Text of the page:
Thursday, April 17, 2014

Let's Close the Species Gap!

It's no secret that animal welfare is a very different thing for dogs and cats. Long gone are the days when dogs were allowed to roam. Dogs tend to receive significantly more veterinary care, are more likely to be vaccinated, and – females, at least – are more likely to be sterilized than their feline counterparts. 

More than 60 per cent of dogs brought to the Ottawa Humane Society as strays are claimed by their owners. And we suspect that a significant number of those "lost" dogs were really just unwanted by their owners for one reason or another. In our best year ever, despite huge efforts to get lost cats home, only seven per cent were claimed by their families!

One of the most striking differences between dogs and cats in our community, and by extension, at the OHS, are the numbers that enter our care with identification. While just 14 per cent of dogs admitted have either visible identification – a collar and tag – or permanent ID in the form of a microchip, only a sad one per cent of cats are so protected.  Obviously this seriously inhibits our ability to return a cat to its home.
While 14 per cent of dogs admitted to the OHS
 have either visible ID or a microchip, just one
per cent of cats do.

What can you do?  If you have brought a cat into your life, please outfit her with a collar and tag. Have her implanted with permanent identification. This way, you can help us and your neighbours return her home safely.  I know what you're thinking: My cat hates her collar. She never goes outside. Well, I hated wearing ties, but I got used to it. Your cat will get used to the collar. And a surprising number of owners that come to us looking for a lost cat tell us that “she never goes outside,” that, “she slipped out this one time.”

If you lose your cat, don't give up looking for him. We have reunited pets with their owners months after they became lost. Here are some tips from your friends at the OHS:
  • Visit the Ottawa Humane Society as soon as possible.
  • View photos of most stray cats admitted to the OHS shelter at
  • Make fliers that include the lost date, description including any unique markings, a picture, and your phone number. A reward motivates people!
  • Make familiar sounds to attract your pet. Walk around your neighbourhood in the morning and evening calling your cat’s name.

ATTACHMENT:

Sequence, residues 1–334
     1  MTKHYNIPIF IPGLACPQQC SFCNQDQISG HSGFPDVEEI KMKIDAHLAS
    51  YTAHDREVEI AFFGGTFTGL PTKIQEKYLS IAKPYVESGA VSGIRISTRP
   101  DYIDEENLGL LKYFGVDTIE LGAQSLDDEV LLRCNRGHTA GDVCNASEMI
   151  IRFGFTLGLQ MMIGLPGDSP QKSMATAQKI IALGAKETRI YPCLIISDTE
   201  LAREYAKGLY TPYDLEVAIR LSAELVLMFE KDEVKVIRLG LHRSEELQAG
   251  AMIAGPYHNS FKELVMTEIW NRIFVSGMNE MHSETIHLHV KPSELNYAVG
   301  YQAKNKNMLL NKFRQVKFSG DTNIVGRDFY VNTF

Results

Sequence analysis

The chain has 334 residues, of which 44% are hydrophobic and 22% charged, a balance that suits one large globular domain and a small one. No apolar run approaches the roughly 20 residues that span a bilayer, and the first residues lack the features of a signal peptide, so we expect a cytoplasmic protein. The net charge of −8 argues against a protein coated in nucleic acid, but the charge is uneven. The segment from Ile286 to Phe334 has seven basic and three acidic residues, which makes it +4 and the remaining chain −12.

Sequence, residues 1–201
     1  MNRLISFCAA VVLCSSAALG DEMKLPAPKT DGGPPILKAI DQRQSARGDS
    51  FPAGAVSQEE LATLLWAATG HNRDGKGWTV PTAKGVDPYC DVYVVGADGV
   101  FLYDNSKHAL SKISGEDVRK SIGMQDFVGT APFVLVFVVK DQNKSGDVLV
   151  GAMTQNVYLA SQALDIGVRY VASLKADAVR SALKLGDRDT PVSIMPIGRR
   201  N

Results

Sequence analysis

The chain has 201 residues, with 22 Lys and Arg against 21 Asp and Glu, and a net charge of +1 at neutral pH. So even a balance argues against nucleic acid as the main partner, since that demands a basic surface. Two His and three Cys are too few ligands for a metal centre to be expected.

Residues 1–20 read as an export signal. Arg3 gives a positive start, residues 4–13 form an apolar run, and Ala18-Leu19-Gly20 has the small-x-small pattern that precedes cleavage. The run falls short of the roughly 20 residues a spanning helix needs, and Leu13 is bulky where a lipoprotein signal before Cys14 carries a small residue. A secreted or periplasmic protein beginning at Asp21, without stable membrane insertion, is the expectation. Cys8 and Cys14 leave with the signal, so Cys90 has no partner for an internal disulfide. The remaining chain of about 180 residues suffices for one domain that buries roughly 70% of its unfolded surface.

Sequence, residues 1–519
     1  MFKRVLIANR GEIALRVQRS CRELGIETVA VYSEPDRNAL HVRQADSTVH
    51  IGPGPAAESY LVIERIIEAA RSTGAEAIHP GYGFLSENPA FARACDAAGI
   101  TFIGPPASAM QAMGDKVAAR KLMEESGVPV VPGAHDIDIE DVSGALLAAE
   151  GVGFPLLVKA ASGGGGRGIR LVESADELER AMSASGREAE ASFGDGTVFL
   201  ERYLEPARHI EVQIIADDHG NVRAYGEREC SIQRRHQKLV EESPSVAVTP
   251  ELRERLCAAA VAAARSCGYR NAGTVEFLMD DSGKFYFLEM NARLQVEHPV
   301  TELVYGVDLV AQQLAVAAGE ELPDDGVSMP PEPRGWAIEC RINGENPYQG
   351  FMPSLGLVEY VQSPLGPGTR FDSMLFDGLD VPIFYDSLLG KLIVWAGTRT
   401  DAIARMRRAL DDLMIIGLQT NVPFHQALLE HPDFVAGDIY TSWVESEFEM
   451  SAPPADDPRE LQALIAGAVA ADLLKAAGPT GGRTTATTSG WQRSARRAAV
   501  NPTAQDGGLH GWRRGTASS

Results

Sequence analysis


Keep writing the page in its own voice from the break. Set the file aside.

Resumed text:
• Put fliers up around your neighbourhood shops, veterinary clinics and anywhere else, including your old neighbourhood if you’ve recently moved.
  • Place the kitty litter outside – while it may sound strange, this helps nervous or shy cats who may have bolted return to a site that “smells” familiar.
  • Check with neighbours, mail courier, newspaper and other delivery people, local veterinary clinics, etc.

More tips and information can be found on our website at:
And please, let's close the welfare gap between dogs and cats. Always identify your cat!

Bruce Roney
Executive Director

Wednesday, April 9, 2014

Thank You OHS Volunteers!

The Ottawa Humane Society is pleased to join the celebration of National Volunteer Week this April 6 to 12 and salute the close to 600 volunteers who give so generously of their time, skills and energy to support the animals in our care. The OHS would simply not be where it is today without the commitment of our volunteers.
The OHS would simply not be where it is today
without the commitment of our volunteers.

Our volunteers touch every part of our work, supporting our daily operations, programs and services. Over the past year, dedicated OHS volunteers logged an incredible 49,343 hours to help save animals’ lives. Committed volunteers fostered hundreds of sick animals in their homes; others supported the OHS by entering data to ensure that our supporters were acknowledged and thanked for their generosity. Our volunteer dog walkers braved the rain, sleet and snow to provide daily outings for canines in our care, while other volunteers drove hundreds of kilometers to deliver cats to our 24 partner Pet Adoption Locations across the City. Our generous volunteer veterinarians donated almost 400 hours to sterilize animals prior to adoption and provide critical life-saving surgeries to give many animals a second chance. Board and committee volunteers helped ensure that our future is bright and healthy, while, thanks to the efforts of so many other volunteers, we can ensure that our daily administration is as efficient as possible. Our Humane Education volunteers delivered 185 school presentations, reaching nearly 4,500 students and building the next generation of compassionate, informed pet owners. From teaching kids—and adults—about the humane treatment of animals, to taking animals on visits to brighten residents’ days in long-term care facilities, OHS volunteers reach out and help us ensure a strong community devoted to animal care and welfare.

Our volunteers are truly the lifeblood of the Ottawa Humane Society and we do not take a single hour of their time for granted. We are thankful for each and every hour and what it means to the 11,000 animals that need our help each year.

This week, we look forward to hosting some special events for our volunteers as part of National Volunteer Week, but our sincere appreciation for their contribution stretches across each and every day of the year.

Bruce Roney
Executive Director

If you are interested in joining our volunteer team, please check out available volunteer opportunities on our website at

Thursday, April 3, 2014

Hop on down to the OHS for our free family Easter egg-stravaganza!

Is there a hop in your step now that spring is finally in the air? Grab the kids and hop in the car for some egg-citing free Easter fun at the Ottawa Humane Society. You and your family can eggs-plore all of our furry friends and join in the fun. We’ll be offering free Easter-themed activities such as egg races, face painting, sugar cookie decorating and tons of Easter crafts. The OHS auxiliary will be holding a bake sale where you’ll find some scrumptious treats.  And you never know if our good friend the Easter bunny will make an appearance!

Our Off-Leash Camp counsellors will be on site to answer any questions you may have about our children’s programs including summer camp, birthday parties and tours.